Financial Performance

CVS Beats Estimates But Same-Store Sales Fall

Pharmacy services continues to be a bright spot for CVS amid increasing pressure on its traditional retail drugstore sales.
Matthew HellerNovember 6, 2017

CVS Health on Monday reported quarterly earnings that beat analysts’ expectations on strong growth in pharmacy services but its retail drugstore business continued to lag.

For the third quarter, CVS’ net revenue increased 3.5%, or $1.6 billion, to approximately $46.2 billion while net income fell to $1.29 billion, or $1.26 per share, from $1.54 billion, or $1.43 a share, a year earlier. Excluding items, the company earned $1.50 per share.

Analysts had predicted adjusted earnings of $1.48 per share on revenue of $46.17 billion.

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CVS benefited in particular from its pharmacy services segment, which generated net sales of $32.9 billion — roughly 70% of total sales and up 8.1% from the third quarter of 2016. That helped offset a 2.7% drop in retail/long-term care revenue to $19.6 billion.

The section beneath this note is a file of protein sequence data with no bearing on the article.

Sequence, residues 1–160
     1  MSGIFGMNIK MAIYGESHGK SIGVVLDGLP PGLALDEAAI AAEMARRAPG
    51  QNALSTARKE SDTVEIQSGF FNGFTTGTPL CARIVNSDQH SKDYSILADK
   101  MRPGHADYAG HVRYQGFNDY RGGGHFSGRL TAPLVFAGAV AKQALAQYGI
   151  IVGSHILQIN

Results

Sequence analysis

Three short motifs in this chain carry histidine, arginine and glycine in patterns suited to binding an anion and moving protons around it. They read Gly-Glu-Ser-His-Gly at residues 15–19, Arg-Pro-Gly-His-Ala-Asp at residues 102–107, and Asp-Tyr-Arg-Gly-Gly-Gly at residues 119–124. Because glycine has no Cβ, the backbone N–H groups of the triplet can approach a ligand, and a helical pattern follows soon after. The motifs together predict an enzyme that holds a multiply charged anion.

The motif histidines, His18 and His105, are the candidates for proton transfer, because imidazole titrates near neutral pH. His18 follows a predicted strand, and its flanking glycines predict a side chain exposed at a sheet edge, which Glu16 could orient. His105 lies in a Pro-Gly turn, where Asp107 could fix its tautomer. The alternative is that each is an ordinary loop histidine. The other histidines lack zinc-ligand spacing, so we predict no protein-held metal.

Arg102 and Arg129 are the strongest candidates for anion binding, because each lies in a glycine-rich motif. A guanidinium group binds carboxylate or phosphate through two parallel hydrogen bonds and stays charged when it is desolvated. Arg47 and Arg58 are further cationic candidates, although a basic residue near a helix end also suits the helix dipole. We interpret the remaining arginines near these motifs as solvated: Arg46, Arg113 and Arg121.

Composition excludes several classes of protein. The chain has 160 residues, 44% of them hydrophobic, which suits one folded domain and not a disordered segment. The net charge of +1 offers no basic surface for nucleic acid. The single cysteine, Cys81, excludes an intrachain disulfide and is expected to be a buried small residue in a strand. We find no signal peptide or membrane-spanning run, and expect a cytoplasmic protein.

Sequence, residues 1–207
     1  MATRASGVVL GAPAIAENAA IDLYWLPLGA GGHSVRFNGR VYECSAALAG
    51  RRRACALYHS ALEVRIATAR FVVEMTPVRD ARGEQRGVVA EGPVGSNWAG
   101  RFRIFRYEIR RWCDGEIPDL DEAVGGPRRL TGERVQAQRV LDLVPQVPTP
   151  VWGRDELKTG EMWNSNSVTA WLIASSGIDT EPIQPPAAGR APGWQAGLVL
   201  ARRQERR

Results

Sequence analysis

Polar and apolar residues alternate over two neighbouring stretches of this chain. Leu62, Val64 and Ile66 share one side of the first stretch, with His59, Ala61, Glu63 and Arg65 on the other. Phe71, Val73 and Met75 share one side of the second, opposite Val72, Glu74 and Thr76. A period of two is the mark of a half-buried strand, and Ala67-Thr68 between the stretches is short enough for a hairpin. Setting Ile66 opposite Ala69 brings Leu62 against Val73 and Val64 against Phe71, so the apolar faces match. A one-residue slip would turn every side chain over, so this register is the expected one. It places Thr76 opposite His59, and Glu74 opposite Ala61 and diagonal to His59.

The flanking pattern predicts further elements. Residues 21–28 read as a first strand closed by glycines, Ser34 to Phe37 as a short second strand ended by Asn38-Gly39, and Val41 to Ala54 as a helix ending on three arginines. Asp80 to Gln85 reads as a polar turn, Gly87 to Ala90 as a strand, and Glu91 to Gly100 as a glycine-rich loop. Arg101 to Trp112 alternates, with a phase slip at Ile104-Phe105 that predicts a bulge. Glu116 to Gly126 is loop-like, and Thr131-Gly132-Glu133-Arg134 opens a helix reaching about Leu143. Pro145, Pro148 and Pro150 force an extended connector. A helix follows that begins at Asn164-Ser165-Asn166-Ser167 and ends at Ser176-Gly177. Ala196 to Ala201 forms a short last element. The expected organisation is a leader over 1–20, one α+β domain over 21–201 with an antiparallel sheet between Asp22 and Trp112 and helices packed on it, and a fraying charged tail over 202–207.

Pharmacy same-store sales were down 3.4%, reflecting recent generic drug introductions, while front-store comparable sales declined 2.8% amid softer customer traffic and efforts to rationalize promotional strategies. The retail segment was also hurt by Hurricanes Harvey and Irma, which forced the closure of some 925 CVS locations at some point in the quarter.

“The solid third quarter results we posted today keep us well on track to achieve our full-year targets,” CEO Larry Merlo said in a news release. “While operating profit in the retail/LTC segment was impacted by the devastating hurricanes, operating profit in the pharmacy services segment was in line with expectations.”

CVS’ move into healthcare began with the Caremark pharmacy benefit manager platform in 2007. It has continued to focus on that business amid increasing pressure on its traditional retail sales.

Profitability in the division was hurt in the third quarter by pressure on drug prices but as CNBC reports, CVS could gain greater bargaining power with drug companies if it goes ahead with a possible acquisition of health insurer Aetna.

The company also said Monday it would begin offering next-day delivery of prescriptions and retail merchandise from its stores in 2018. According to USA Today, the service would be “a potentially preemptive strike at Amazon as the online giant weighs entry into the pharmacy business.”